Management of WM is similar to other indolent small B cell lymphomas. Current therapeutic options in WM do not result in cure. The goal of treatment in symptomatic WM is to keep the disease under control as long as possible without impairing the quality of life. Treatment depends on patient symptoms and extent of end organ involvement. Patients with asymptomatic WM are managed by close observation. In symptomatic patients, the treatment of choice is to combine rituximab and chemotherapy [23]. Low risk symptomatic patients can be managed with single agent rituximab [24]. A combination of rituximab and bendamustine (BR) or cyclophosphamide and dexamethasone (DRC) is usually recommended [25,26]. The combination BR when compared to R CHOP showed statistically significant improvement in PFS (69.5 months versus 31.2 months) [26,27]. Rituximab monotherapy is considered in patients with poor general condition [28]. Ibrutinib has been approved as first line in patients not suitable for rituximab/ chemotherapy and in those with recurrences and those refractory to rituximab [29-31]. Bone marrow transplant is reserved for younger patients with extensive bone marrow involvement. If symptoms of hyperviscosity is present, plasmapheresis is recommended prior to chemotherapy [16, 32-34]. Eighty percent of the patients who were given systemic treatment received rituximab based chemotherapy in the present study.

The median survival of patients with WM is about 7.4 years, mortality is associated with symptomatic disease, whereas asymptomatic patients have survival similar to the general population [33]. The 5 year survival rates for IPSS-WM low risk, intermediate risk and high risk are 87%,68% and 36% respectively [3]. The absence of MYD 88 mutation is associated with poor outcome. WM that transforms to diffuse large B cell lymphoma is also associated with poor survival [5,17,19,33, 35]. In the present study, the 3 year PFS was 69.4% and OS was 78%.

In conclusion, WM is a low grade B cell lymphoproliferative disorder having an indolent course and do not require treatment for prolonged period. Diagnosis is challenging due to lack of distinct diagnostic features. Rituximab containing regimens are the standard of care. Newer targeted treatment options may improve the outcome of this incurable disease.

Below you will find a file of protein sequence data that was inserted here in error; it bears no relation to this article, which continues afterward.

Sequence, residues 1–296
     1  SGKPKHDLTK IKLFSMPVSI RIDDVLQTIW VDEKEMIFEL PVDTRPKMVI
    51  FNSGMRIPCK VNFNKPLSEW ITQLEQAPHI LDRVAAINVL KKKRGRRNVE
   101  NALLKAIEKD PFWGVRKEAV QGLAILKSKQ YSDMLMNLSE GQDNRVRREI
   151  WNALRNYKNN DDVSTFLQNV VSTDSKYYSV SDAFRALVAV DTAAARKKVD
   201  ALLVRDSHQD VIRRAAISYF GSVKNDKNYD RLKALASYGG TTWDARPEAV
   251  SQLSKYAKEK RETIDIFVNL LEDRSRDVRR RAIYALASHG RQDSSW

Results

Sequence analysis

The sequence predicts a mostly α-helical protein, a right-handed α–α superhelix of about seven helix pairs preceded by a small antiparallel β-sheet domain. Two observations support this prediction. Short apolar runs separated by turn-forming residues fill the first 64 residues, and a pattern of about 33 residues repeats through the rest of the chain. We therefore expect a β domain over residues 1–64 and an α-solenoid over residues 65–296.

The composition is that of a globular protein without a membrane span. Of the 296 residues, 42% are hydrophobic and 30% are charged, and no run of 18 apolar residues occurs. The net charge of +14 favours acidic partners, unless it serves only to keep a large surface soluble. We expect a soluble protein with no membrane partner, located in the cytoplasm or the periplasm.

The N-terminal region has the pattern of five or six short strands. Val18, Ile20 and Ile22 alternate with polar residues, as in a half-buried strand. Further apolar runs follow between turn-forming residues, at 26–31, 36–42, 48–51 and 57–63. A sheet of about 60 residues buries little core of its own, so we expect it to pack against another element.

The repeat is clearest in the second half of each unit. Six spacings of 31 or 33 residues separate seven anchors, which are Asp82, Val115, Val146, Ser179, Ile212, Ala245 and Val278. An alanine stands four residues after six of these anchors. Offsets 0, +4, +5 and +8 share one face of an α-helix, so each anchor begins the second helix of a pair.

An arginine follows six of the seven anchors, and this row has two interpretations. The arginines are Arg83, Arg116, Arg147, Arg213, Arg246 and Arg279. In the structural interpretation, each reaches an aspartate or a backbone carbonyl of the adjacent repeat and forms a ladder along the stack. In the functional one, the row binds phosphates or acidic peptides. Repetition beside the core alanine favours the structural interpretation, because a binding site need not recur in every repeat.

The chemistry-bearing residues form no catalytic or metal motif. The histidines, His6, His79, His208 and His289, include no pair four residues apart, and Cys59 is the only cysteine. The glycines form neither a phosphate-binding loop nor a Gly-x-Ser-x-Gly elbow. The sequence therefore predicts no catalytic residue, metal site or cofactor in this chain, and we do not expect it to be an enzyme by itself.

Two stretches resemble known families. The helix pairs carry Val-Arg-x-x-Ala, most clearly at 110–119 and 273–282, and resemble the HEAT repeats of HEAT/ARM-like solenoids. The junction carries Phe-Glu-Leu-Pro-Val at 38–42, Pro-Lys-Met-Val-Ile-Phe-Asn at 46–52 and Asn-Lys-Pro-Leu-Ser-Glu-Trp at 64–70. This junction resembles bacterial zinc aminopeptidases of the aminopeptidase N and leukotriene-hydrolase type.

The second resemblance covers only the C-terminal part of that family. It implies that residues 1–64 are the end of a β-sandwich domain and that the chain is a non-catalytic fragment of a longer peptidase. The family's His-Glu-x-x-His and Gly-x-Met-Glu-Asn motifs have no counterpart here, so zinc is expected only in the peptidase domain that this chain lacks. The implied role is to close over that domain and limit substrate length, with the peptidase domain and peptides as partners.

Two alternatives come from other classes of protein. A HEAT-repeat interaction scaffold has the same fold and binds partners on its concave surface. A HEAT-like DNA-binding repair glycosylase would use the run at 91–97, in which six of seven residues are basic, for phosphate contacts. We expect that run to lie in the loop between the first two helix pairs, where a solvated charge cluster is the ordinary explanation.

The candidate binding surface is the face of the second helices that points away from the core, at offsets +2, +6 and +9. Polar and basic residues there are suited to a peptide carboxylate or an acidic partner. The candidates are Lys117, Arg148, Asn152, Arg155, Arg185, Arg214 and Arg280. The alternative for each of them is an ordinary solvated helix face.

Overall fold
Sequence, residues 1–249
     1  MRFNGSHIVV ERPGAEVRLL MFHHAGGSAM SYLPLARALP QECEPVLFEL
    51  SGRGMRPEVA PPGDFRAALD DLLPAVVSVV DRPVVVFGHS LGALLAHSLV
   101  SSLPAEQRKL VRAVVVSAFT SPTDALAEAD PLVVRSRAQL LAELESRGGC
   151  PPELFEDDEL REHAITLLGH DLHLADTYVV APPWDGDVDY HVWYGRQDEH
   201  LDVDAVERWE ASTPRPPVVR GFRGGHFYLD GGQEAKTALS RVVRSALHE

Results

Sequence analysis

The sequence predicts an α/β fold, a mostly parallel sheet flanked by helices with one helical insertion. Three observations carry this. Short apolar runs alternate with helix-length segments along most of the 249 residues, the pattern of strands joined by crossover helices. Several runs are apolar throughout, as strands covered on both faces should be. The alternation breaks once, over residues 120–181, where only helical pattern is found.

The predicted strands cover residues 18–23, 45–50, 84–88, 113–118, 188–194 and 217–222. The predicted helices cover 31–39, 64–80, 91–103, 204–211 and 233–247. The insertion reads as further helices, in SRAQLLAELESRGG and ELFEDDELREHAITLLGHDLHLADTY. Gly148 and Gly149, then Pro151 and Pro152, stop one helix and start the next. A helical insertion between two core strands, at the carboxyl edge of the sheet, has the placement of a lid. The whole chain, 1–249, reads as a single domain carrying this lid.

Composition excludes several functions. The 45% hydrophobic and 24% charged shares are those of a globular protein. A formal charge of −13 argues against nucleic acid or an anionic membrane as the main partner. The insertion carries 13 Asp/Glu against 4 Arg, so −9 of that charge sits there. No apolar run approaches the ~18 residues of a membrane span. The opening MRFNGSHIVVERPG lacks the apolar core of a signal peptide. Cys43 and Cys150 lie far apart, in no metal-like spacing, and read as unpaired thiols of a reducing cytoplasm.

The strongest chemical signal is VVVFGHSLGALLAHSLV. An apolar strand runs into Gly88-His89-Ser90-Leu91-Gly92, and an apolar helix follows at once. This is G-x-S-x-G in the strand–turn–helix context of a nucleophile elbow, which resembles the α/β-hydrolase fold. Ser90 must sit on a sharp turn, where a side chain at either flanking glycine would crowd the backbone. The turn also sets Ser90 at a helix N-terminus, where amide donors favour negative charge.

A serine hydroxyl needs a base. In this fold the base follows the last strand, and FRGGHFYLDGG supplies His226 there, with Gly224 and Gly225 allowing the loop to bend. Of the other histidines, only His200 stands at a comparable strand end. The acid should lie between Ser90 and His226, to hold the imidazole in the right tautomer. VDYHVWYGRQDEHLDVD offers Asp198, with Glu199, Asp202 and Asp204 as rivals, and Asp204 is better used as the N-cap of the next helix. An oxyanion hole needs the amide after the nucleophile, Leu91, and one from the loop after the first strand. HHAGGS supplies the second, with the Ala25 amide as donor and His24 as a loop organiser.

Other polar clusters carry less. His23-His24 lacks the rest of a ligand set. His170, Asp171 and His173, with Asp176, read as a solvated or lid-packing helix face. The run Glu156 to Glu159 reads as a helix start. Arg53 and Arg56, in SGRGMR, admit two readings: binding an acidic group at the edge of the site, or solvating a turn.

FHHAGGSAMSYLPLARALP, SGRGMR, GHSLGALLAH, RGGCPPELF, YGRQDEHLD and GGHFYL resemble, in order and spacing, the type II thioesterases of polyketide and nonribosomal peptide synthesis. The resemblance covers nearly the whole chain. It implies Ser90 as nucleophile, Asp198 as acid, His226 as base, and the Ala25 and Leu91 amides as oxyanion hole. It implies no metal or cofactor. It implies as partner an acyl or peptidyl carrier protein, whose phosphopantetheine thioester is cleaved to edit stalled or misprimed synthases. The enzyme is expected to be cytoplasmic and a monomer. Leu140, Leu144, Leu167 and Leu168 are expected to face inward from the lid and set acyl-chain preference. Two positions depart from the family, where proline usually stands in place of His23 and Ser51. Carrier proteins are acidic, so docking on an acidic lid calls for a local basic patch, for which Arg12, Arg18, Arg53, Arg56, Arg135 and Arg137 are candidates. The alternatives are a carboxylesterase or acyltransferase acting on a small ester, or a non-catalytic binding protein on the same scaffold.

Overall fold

Acknowledments

This research did not receive any specific grant from funding agencies in the public, commercial, or not-for- profit sectors. The authors declare no conflict of interest

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Copyright

© Asian Pacific Journal of Cancer Care , 2024

Author Details

Geetha Narayanan
Department of Medical Oncology, Regional Cancer Centre, Thiruvananthapuram 695011, India.
geenarayanan@yahoo.com

Sugeeth M Thambi
Department of Medical Oncology, Regional Cancer Centre, Thiruvananthapuram 695011, India.

Gayatri Gopan
<p>&nbsp; &nbsp; &nbsp; &nbsp; &nbsp;&nbsp;</p>
Department of Medical Oncology, Regional Cancer Centre, Thiruvananthapuram 695011, India.

Jayasudha A Vasudevan
Department of Pathology, Regional Cancer Centre, Thiruvananthapuram 695011, India.

Sreejith G Nair
Department of Medical Oncology, Regional Cancer Centre, Thiruvananthapuram 695011, India.

Prakash Purushothaman
Department of Medical Oncology, Regional Cancer Centre, Thiruvananthapuram 695011, India.

Rekha A Nair
Regional Cancer Centre, Thiruvananthapuram 695011, India.

Jagathnath Krishna KM
Department of Cancer Epidemiology and Biostatistics, Regional Cancer Centre, Thiruvananthapuram 695011, India.

How to Cite

Narayanan, G., Thambi, S., Gopan, G., Vasudevan, J., Nair, S., Purushothaman, P., Nair, R., & Krishna KM, J. (2024). Clinical Characteristics and Treatment Outcome of Waldenstrom Macroglobulinemia: Experience from a Tertiary Cancer Centre. Asian Pacific Journal of Cancer Care, 9(1), 65-71. https://doi.org/10.31557/apjcc.2024.9.1.65-71